Closing arguments are set to being later today after a former Pennsylvania pastor testified that his second wife died in a car accident and that he did not bludgeon her to death, as prosecutors have claimed.
Arthur Schirmer testified Friday, denying any role in the death of his second wife, Betty Schirmer, and saying that she died in a 2008 car accident when he swerved to avoid a deer in the Poconos.
"I didn't stage an event," Arthur Schirmer, 64, insisted. "[Betty] began to undo her seatbelt. As she did so, a deer came out to the right. We then made it to the guardrail," he said calmly.
The former pastor at Reeders United Methodist Church said he was alone, lost and scared at the hospital, where he asked doctors to take his wife off life support. He told jurors that decision "was agonizing" and that he "wanted her to live."
Betty Schirmer died a day after the crash and her body was cremated at the request of Arthur Schirmer.
Arthur Schirmer admitted he cheated on her and lied about it. But he said the Monroe County jury should believe his account about how she died.
When investigators re-examined the crash scene in 2010, they found that the car was going less than 25 mph at the time of the crash, too slow to cause Betty Schirmer's injuries. They also found Schirmer's blood in her husband's garage, a clue that she might have been injured before she got into the car.
Arthur Schirmer explained the blood on the floor by telling the jury that she was helping him move a pile of wood from the garage when a piece fell on her, gashing her forearm.
The investigation into Betty Schirmer's death sparked another investigation into the death of Arthur Schirmer's first wife. Schirmer faces a second trial at a later date for the death of Jewel Schirmer, who died in April 1999 in their Lebanon, Pa., home.
Arthur Schirmer testified Friday that he found Jewel Schirmer dead at the bottom of the basement staircase when he came home from a jog. She had been vacuuming dog hair from the steps, he said.
Arthur Schirmer has already pleaded not guilty in his first wife's death. He is charged with one count of criminal homicide.
"If he's found not guilty in this case, it certainly may embolden him to think that he may be found not guilty again in the other case," ABC News legal analyst Dan Abrams said. "If he's found guilty in this case, tough to know whether it may lead him to be likely to try to enter into some type of plea."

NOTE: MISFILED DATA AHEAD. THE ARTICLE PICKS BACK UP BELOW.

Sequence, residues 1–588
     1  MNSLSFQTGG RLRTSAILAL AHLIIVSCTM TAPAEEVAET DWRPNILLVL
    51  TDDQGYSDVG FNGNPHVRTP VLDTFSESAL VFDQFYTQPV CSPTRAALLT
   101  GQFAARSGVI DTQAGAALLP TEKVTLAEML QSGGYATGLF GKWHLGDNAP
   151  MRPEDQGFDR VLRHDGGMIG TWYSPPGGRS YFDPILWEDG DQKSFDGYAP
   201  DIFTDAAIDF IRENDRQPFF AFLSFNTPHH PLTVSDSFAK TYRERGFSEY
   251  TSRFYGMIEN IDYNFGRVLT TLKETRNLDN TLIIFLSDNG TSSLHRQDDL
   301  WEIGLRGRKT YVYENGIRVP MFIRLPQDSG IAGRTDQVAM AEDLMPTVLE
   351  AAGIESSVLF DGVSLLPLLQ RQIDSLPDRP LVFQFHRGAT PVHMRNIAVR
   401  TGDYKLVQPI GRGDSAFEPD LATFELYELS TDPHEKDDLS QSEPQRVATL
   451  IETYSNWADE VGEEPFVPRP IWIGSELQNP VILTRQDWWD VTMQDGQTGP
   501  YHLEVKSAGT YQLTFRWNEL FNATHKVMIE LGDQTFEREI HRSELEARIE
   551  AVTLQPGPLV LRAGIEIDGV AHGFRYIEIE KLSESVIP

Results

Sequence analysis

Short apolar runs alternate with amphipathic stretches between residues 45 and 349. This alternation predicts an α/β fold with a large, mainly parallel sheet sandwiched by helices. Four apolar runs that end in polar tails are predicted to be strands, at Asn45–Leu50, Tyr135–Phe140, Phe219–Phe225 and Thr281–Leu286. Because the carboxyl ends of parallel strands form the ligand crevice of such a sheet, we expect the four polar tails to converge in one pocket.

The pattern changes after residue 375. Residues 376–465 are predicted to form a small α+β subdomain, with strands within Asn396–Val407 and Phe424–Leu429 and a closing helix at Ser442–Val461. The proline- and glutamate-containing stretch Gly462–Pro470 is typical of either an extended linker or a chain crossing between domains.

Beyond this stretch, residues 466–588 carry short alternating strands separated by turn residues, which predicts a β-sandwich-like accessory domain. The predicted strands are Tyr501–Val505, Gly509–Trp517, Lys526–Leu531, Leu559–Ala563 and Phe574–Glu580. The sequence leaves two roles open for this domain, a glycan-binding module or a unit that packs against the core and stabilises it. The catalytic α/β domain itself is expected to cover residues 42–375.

Evidence from the Jewel Schirmer investigation has been introduced by the prosecution in this trial, saying that both women were beaten by Arthur Schirmer, who then covered up the deaths to look like an accident.
Dr. Wayne Ross, who performed an autopsy on Jewel Schirmer in 1999 and then investigated the death of Betty Schirmer nine years later, said last week the evidence clearly shows that both women were savagely beaten with a crowbar or some other heavy cylindrical object.
"You look at Jewel Schrimer, she's got two strikes on the right side of her head. It looks like a long cylindrical object," Ross said in his testimony. "Compare that to Betty Schrimer, she's got two strikes in the right side of her head. The lacerations are similar. The patterns are similar."
It wasn't until a suicide in 2010 inside Schirmer's office that authorities decided to revisit the case of Betty Schirmer's death and arrest the pastor.
The man who broke in and shot himself in Arthur Schirmer's office at the Reeders United Methodist Church, Joseph Mustante, was the husband of the pastor's secretary, Cynthia Mustante, police said.
Mustante's suicide was prompted by the discovery that his wife and the pastor had apparently been having an affair, according to police.
Schirmer admitted Friday that he and his second wife had not been intimate in a number of years. Schirmer said Betty Schirmer had been through menopause and wasn't interested in sex. He also admitted he viewed pornography on his home computer and that he'd cheated on his wife.
The Associated Press contributed to this report.